Glyphosate is not approved to be used in water to control weeds, and the majority of glyphosate exposures would be caused by runoff or accidental glyphosate spills. Hence, applying proper management practises may minimise eco-toxicity risks of glyphosate for aquatic species including reduced application frequencies and using vegetation buffers (Saunders and Pezeshki 2015).

Glyphosate in non-target plant species

Both glyphosate and AMPA residues are found in non-target plant species (e.g. crops) following glyphosate application to weeds, even after the recommended withholding period in harvested crops (Table S1). Furthermore, both glyphosate and AMPA have also been detected in crop plants and native forest foliage following application of glyphosate to adjacent crops. The concentration of glyphosate and AMPA residues in different crop species and samples varies significantly (Table 2). For example, glyphosate and AMPA residues were observed in 25 and 8.3 % of analysed cannabis samples, respectively (Lanaro et al. 2015). Similarly, concentrations ranged from 1000 to 0.3 mg kg−1 in tree foliage sampled within 3 days of glyphosate application (Table 2). Such unusually high glyphosate residues (e.g. 1000 mg kg−1) in tree foliage can be explained by direct absorption into tree leaves following drift contamination from aerial herbicide application (Newton et al. 1994).
Table 2

Glyphosate and AMPA residues in different plant parts, food or feed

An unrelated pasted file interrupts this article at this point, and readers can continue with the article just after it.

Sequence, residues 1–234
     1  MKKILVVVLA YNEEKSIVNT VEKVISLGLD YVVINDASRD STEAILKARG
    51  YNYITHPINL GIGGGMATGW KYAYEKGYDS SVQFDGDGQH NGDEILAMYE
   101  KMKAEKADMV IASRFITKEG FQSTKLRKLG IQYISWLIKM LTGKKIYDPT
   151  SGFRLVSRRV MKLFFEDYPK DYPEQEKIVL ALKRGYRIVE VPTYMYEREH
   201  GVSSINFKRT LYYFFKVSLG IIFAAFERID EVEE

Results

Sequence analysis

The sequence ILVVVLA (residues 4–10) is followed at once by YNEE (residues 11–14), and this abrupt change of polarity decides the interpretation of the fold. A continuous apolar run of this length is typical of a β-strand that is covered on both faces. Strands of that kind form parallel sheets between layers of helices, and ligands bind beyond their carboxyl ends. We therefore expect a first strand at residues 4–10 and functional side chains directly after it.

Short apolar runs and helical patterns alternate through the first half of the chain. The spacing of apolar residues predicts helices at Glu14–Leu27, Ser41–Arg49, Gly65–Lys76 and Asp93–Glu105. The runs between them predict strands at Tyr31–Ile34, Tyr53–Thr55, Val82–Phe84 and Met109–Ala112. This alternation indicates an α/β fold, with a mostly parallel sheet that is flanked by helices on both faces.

Matrix

Time and rate of application

Glyphosate

AMPA

Unit

Sampling time after application

References

Soybean

 Leaf and stem

1–1.7 kg ai/ha: annual application

2.1

0.6

mg kg−1

third year

Arregui et al. (2004)

 Leaf: GR

6.7 kg/ha: greenhouse

37

1

μg g−1

22 days

Reddy et al. (2004)

 Plant tissue GR

250c g ai/ha

5826

119

ng g−1

7 days

Reddy et al. (2008)

 Plant tissue non-GR

250c g ai/ha

25,036

668

ng g−1

7 days

Reddy et al. (2008)

 Seed

1–1.7 kg ai/ha: annual application

1.8

0.9

mg kg−1

second year

Arregui et al. (2004)

 Seed

3 weeks after planting

0.18

0.6

μg g−1

After harvesting

Duke et al. (2003b)

 Seed

8 weeks after planting

2.2

7.2

μg g−1

After harvesting

Duke et al. (2003b)

 Whole soybeans: GR

Post plant application

3.3

5.7

mg kg−1

 

Bøhn et al. (2014)

Maize

 Shoot

0.8 kg ai/ha

15

ND

μg ai kg−1

56 days

Bernal et al. (2012)

 Root

0.8 kg ai/ha

377

ND

μg ai kg−1

56 days

Bernal et al. (2012)

 Shoot

1.6 kg ai/ha

22

ND

μg ai kg−1

56 days

Bernal et al. (2012)

 Root

1.6 kg ai/ha

356

ND

μg ai kg−1

56 days

Bernal et al. (2012)

Corn

 Plant tissue GR

93c g ai/ha

308

ND

ng g−1

7 days

Reddy et al. (2008)

 Plant tissue non-GR

93c g ai/ha

851

ND

ng g−1

7 days

Reddy et al. (2008)

Cannabis

 Leaf

 

0.15

ND

mg g−1

Lanaro et al. (2015)

 Leaf

 

0.75

ND

mg g−1

Lanaro et al. (2015)

 Leaf

 

0.55

0.36

mg g−1

Lanaro et al. (2015)

 Cowpea

201c g ai/ha

26,763

4765

ng g−1

Reddy et al. (2008)

 Sickle pod

250c g ai/ha

6414

1834

ng g−1

7 days

Reddy et al. (2008)

 Coffee

75c g ai/ha

5906

287

ng g−1

7 days

Reddy et al. (2008)

 Honeya

 

17–163

ng g−1

Rubio et al. (2014)

 Honey from NGM plants

26–41

ng g−1

Rubio et al. (2014)

 Soy sauceb

 

88–580

ng mL−1

Rubio et al. (2014)

 Cereal survey

 

11 % ADI

   

Harris and Gaston (2004)

Cattle

 Muscle

1.4/0.156; 4.0/0.48 and 12.8/1.4 mg eq/kg bw (glyphosate/AMPA)

<0.05

mg kg−1

EFSA (2015)

 Milk

1.4/0.156; 4.0/0.48 and 12.8/1.4 mg eq/kg bw (glyphosate: AMPA)

<0.02

mg kg−1

EFSA (2015)

 Milk

ND

 

Ehling and Reddy (2015)

 Milk

ND

 

Jensen et al. (2016)

 Kidney

100 mg/kg glyphosate and aminoglyphosate acid

1.4

mg kg−1

WHO (1994)

 Kidney

1.4/0.156; 4.0/0.48 and 12.8/1.4 mg eq/kg bw (glyphosate/AMPA)

1.6

mg kg−1

EFSA (2015)

 Liver

1.4/0.156; 4.0/0.48 and 12.8/1.4 mg eq/kg bw (glyphosate/AMPA)

0.07

mg kg−1

EFSA (2015)

Pig

 Muscle

1.08 mg/kg bw

<0.05

mg kg−1

EFSA (2015)

 Liver and kidney

100 mg/kg glyphosate and aminoglyphosate acid

0.16 and 0.91

mg kg−1

WHO (1994)

 Liver

1.08 mg/kg bw

<0.05

mg kg−1

EFSA (2015)